3 Steps to Become the Empowered Entrepreneur You Want to Be Want to be effective? "Don't wait for others" is the first lesson.

By Joanie Connell

Opinions expressed by Entrepreneur contributors are their own.

What's the difference between effective vs. ineffective people? Effective people take responsibility for their own success.

Related: What Truly Matters Most in Life and in the Game of Business

In short, they don't wait around for the company to hand them a mentor and a plan. Effective people take action to get things done -- especially if they're entrepreneurs. They don't wait around for help. That's not to say that effective people don't ask for help; they do. They seek help when they need it and find a way to keep moving forward when it's not available.

That's because effective people are empowered.

Being empowered means feeling confident in your abilities and knowing you can access the resources needed to accomplish what you want. It means having a level of control over yourself and the world around you and being comfortable with what you cannot control. It's about thinking for yourself and being true to yourself. Being empowered enables you to get things done. Entrepreneurs, more than anyone, need to be empowered to succeed.

Young entrepreneurs often have great ideas but don't know how to get out there and do it themselves. Here are some "empowerment" tips they can use:

1. Take responsibility for learning what you need; don't expect others to teach you.

Entrepreneurs rarely suffer from a lack of academic or intellectual skills. But, more than anything, entrpreneurs need practical skills. They are all about getting things done, and that usually means learning on the go. Becoming fluent in social media is a necessary skill that many -- especially older -- entrepreneurs still need to learn. Younger entrepreneurs more often need to gain political savvy and communication skills.

No matter what you need to learn, you need to learn it quickly and while you're working. That means you don't have time to step out for a class (not that there is one on political savvy anyway). You may not have the money to pay someone to teach you, either. This is when it helps to network with other entrepreneurs willing to exchange knowledge and information. You help them and they help you back. In the case of social media and political savvy, inter-generational pairings might be a wise choice.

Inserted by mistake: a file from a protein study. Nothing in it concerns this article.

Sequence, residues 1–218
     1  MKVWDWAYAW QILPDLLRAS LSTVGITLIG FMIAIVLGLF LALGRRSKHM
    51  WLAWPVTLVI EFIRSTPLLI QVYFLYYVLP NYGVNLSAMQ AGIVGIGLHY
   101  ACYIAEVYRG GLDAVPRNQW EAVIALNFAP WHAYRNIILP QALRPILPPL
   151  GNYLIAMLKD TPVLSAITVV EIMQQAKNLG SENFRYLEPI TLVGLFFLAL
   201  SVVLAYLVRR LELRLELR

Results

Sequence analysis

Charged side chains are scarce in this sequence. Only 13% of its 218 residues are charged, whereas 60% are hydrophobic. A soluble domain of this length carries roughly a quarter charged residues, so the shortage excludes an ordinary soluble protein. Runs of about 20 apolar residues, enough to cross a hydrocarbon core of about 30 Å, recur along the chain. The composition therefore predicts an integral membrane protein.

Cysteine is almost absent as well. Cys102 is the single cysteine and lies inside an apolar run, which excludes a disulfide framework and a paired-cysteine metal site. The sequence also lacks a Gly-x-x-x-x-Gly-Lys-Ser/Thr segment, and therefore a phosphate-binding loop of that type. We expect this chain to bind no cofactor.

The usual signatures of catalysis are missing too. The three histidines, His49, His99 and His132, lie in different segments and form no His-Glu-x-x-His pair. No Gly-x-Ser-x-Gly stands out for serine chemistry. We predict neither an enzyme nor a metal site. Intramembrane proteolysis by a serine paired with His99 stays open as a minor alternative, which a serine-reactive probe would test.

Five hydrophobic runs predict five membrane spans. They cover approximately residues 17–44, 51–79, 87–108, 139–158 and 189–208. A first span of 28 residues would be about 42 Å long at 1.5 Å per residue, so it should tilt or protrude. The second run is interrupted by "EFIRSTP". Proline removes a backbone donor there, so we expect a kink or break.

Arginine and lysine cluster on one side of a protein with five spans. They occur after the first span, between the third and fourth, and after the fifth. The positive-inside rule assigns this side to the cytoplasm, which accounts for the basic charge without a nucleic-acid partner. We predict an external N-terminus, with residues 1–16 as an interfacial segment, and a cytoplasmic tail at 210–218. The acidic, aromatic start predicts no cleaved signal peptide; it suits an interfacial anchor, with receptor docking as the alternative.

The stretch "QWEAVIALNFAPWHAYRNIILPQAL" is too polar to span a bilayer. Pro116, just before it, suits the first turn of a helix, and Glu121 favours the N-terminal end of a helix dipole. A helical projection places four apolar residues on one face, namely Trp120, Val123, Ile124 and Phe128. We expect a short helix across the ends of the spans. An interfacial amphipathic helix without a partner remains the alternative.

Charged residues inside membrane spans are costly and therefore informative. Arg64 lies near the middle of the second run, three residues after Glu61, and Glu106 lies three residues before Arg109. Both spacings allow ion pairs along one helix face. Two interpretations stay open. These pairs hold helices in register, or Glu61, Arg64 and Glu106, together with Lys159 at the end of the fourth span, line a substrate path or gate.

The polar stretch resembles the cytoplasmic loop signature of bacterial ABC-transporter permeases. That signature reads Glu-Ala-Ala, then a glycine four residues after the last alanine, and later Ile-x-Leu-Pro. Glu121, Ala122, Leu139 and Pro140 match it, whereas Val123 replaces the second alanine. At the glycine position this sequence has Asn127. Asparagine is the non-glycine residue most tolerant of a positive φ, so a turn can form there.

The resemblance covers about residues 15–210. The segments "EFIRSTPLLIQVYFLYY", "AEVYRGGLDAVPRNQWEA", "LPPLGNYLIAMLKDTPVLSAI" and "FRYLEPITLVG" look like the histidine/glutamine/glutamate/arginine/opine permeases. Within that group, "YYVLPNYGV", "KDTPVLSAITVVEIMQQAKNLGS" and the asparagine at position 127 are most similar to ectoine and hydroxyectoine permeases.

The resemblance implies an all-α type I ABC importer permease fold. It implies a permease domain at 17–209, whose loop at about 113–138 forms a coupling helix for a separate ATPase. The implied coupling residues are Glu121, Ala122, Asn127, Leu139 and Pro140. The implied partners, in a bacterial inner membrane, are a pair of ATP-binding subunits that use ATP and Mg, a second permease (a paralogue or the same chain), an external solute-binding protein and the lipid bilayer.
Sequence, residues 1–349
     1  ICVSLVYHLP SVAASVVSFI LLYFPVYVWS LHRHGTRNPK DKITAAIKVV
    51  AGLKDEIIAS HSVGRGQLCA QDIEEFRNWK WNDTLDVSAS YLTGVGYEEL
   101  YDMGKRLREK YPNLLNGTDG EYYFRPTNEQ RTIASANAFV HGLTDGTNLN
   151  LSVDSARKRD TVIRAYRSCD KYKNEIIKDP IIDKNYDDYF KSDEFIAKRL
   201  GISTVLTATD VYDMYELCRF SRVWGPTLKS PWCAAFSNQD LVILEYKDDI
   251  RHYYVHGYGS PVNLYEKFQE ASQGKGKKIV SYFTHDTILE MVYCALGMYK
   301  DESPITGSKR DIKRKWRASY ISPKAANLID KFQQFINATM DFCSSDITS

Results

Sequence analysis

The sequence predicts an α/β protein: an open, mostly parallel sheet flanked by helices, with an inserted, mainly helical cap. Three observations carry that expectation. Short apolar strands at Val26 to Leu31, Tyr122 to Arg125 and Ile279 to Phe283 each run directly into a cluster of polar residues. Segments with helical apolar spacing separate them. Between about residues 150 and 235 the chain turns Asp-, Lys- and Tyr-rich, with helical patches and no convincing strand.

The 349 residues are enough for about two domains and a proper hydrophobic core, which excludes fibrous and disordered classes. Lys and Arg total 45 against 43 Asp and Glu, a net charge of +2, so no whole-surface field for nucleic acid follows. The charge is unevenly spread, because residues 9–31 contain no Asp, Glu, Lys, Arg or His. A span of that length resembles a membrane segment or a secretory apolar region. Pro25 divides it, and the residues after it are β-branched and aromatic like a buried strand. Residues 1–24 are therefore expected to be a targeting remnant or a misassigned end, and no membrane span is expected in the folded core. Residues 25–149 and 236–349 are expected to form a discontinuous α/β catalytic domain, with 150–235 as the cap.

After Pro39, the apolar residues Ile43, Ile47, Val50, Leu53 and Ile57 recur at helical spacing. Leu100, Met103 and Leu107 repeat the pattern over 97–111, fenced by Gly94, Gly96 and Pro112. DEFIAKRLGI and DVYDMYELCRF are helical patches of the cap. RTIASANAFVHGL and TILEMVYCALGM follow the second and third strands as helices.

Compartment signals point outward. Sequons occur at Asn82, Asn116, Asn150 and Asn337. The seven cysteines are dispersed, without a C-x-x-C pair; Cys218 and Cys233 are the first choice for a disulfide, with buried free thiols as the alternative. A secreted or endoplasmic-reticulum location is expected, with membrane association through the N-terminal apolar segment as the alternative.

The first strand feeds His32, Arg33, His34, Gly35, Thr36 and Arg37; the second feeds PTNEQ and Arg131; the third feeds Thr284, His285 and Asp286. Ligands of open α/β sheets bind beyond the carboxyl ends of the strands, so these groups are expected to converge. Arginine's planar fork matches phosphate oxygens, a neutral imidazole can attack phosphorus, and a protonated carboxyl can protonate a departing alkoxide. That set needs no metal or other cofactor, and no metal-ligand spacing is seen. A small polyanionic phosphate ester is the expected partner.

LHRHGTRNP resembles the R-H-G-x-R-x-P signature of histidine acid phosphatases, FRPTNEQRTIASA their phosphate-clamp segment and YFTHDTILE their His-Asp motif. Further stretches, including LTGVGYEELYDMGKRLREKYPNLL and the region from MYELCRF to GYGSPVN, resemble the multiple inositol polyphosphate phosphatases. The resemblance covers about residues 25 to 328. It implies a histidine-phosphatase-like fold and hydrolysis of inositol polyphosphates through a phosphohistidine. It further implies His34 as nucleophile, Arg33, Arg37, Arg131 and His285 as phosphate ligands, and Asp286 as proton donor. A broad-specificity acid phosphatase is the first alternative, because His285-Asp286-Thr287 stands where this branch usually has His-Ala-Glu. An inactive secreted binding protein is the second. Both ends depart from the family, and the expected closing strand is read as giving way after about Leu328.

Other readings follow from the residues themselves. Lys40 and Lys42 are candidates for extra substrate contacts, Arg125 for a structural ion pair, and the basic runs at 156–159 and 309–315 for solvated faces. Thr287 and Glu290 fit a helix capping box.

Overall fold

Related: How Successful People Work Less and Get More Done

2. Initiate action; don't wait for others to give you directions.

You snooze, you lose is the old adage. While you wait around for someone to tell you what to do, someone else is already doing it. As entrepreneurs, we don't have that kind of time. We need to jump into gear and beat the competition.

Initiating action often involves some sort of risk. There's risk of failing, losing money, wasting time and looking foolish, among other things. Being able to assess risk and be comfortable with it are necessary prerequisites to initiating action. Sure, there are plenty of books on assessing business risk. The psychological part, however, is trickier. You need to train yourself to be comfortable with ambiguity and fear and be confident you can pick yourself back up no matter how hard you fall.

3. Find ways to keep going; don't let setbacks stop you from making progress.

Resourcefulness and resilience are the keys you need to keep going in the face of setbacks. You need to be resilient to stay positive, keep your energy up and not give up. Entrepreneurs fail a lot. The successful ones don't let those failures get them down. They learn from their mistakes and correct themselves and try again until they get it right. To build resilience, you need to practice failing -- and getting back up.

Being resourceful is important when you need to find alternative ways to get things done. Life rarely turns out the way you expect it to, and you need to be flexible and creative to steer around obstacles and break through barriers. Resourcefulness means there is no "right" answer; rather, there is always another way.

To develop resourcefulness, practice looking at things from different perspectives and questioning assumptions. You'd be surprised at how much we limit our own thinking with the assumptions we make.

So, go ahead, empower yourself.

Take action, don't wait. Make mistakes and learn. Figure out how to get things done. That's how effective entrepreneurs succeed.

Related: The 8 Traits Shared by the Most Successful Entrepreneurs

Joanie Connell

Talent Management Expert and Author

Joanie B. Connell, Ph.D. is the founder of Flexible Work Solutions, a nationally recognized consulting firm that specializes in leadership assessment, development, and retention for all levels–executives, professionals, early career, and youth. Dr. Connell is the author of “Flying Without a Helicopter: How to Prepare Young People for Work and Life,” forecasted for release in late 2014. 

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